Lights in sky were likely from rocket body returning to Earth

This image of an object that caught the eye of Mauians on Saturday night was taken by the ATLAS all-sky monitor at 10:01 p.m. Astronomers at the University of Hawaii Institute of Astronomy believe the object to be space junk falling to Earth and disintegrating in the atmosphere. ATLAS/ LARRY DENNEAU photo

The lights in the sky over Maui at about 10 p.m. Saturday were most likely a rocket body from a launch two years ago — and not a UFO — burning up in the atmosphere, according to an official with the University of Hawaii Institute of Astronomy on Maui.

“I heard about the lights from someone who had seen them. When they were described to me the first thing that I thought was that it might be a bolide — a meteor that explodes in the atmosphere or possibly a satellite coming down. I think that there was a pilot that suggested that it was a drone test,” said J.D. Armstrong, UH astronomer and project scientist with the Faulkes Telescope North atop Haleakala.

“There has been some discussion about this at the IfA, and I think that the explanation that everyone is agreeing is most likely is that it is a rocket body,” he said.

The rocket body was from a launch of the Venezuelan communications satellite VeneSat-1, which blasted off Oct. 29, 2008, from the Xichang Satellite Launch Center in China, according to the Aerospace website.

The rocket body was on a path over Hawaii and was predicted to reenter the atmosphere at about 7:30 p.m. Saturday, the website said.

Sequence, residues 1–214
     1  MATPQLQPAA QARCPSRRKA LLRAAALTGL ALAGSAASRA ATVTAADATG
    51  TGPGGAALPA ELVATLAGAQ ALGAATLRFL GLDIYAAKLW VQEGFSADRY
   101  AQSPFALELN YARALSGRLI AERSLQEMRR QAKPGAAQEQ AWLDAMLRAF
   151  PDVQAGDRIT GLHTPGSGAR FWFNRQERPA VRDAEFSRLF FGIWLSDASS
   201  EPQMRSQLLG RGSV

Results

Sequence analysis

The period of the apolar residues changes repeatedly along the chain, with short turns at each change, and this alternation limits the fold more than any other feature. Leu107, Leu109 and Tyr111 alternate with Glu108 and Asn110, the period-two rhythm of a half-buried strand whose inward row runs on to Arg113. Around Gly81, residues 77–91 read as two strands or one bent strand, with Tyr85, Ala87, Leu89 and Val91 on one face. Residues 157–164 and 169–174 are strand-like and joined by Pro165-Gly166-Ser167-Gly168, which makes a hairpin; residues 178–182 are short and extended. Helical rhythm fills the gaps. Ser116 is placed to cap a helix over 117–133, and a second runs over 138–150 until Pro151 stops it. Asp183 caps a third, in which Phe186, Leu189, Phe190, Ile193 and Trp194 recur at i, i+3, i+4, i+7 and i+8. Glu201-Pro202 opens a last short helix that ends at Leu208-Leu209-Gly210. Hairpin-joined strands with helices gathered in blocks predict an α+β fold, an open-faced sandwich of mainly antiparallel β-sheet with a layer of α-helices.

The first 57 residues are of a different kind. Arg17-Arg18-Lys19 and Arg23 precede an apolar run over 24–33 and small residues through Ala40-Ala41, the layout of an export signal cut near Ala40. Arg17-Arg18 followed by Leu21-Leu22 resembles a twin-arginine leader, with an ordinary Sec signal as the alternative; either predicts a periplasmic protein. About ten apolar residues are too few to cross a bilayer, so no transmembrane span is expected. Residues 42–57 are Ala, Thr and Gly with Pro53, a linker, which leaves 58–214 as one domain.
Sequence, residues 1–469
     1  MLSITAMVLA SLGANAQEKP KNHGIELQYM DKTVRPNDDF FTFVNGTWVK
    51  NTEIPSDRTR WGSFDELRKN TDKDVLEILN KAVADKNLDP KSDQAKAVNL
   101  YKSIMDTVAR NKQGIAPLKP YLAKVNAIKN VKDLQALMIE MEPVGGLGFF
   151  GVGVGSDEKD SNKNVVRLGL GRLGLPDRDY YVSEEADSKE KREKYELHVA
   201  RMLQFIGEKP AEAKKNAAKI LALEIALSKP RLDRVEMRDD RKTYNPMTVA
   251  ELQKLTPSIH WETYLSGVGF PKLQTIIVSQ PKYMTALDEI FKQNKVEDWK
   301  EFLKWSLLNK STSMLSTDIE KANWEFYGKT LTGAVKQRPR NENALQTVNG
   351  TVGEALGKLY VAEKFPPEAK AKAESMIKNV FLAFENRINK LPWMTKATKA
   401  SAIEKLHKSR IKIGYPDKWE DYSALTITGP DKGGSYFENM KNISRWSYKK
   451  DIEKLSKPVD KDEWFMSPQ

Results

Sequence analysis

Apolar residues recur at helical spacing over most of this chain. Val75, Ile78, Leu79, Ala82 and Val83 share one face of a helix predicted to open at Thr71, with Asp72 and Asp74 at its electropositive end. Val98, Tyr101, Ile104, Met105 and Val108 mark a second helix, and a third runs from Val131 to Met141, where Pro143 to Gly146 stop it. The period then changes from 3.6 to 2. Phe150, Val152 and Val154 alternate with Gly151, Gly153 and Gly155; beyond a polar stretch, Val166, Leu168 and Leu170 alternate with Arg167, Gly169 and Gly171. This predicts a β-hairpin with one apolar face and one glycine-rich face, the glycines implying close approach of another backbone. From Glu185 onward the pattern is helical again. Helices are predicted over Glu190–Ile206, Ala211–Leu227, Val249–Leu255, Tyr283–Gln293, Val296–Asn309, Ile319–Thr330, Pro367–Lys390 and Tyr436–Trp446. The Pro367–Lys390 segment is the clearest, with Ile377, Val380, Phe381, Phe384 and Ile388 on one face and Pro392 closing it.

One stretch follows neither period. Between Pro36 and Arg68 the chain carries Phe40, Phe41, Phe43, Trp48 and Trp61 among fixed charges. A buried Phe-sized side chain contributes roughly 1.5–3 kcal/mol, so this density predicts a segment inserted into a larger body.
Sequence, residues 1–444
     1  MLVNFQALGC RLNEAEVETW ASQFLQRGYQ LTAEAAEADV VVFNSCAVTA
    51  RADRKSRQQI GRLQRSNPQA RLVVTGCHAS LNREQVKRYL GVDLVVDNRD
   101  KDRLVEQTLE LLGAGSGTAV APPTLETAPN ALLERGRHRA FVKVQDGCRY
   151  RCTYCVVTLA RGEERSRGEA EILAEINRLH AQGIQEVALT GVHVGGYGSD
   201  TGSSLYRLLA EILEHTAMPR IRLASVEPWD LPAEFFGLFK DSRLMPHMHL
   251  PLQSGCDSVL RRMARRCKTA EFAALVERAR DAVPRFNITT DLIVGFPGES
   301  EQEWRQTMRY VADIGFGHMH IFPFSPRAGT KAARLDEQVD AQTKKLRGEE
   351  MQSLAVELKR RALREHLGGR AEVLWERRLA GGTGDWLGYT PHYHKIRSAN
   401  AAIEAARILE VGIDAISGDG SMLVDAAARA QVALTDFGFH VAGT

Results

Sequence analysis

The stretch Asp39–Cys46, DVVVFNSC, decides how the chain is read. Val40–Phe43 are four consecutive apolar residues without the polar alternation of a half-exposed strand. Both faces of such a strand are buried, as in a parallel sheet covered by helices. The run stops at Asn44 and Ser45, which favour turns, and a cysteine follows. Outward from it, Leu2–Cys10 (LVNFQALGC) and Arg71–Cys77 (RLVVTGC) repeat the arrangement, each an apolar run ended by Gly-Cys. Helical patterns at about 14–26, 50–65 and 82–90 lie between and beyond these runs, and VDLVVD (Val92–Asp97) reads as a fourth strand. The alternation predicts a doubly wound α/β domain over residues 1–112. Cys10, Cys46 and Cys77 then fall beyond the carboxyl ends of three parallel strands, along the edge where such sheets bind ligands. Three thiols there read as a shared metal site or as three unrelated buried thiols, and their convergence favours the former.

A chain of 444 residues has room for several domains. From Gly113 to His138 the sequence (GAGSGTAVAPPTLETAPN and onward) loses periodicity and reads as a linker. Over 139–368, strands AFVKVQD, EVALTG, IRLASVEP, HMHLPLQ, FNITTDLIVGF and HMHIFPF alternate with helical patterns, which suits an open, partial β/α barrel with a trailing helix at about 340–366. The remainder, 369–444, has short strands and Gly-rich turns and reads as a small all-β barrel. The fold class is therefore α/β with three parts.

Because the event was captured by Haleakala telescope ATLAS-1, it would rule out drones, said Armstrong. The images would have come from an object too high for a drone. The photo, taken at 10:01 p.m. Saturday, shows a streak across the sky. (ATLAS is an asteroid impact early warning system being developed by the University of Hawaii and funded by NASA and consists of telescopes on Haleakala and Mauna Loa.)

Armstrong said the video he saw on Maui Now “was fairly consistent with the video I have seen of the OGO-1 satellite breaking up on reentry.” He did note that the OGO-1 satellite, launched in 1964, made its reentry in the daytime in the South Pacific on Aug. 29.

Holden Suzuki and Wilson Chau, both 8th-graders at Maui Waena Intermediate School, spotted the 1,070-pound space satellite in early August and helped determine that the 50-year-old abandoned satellite was projected to reenter Earth’s atmosphere Aug. 29 away from inhabited areas.

Jokingly asked if the lights in the sky could be aliens bringing a cure for COVID-19, Armstrong said that he wished “it were aliens coming to bring COVID relief, but yeah, as Carl Sagan put it, ‘extraordinary claims require extraordinary evidence.’ “

“The observations fit too well with the rocket body for us to call this extraordinary evidence in favor of aliens. So, no aliens,” he said.

* Lee Imada can be reached at leeimada@mauinews.com.


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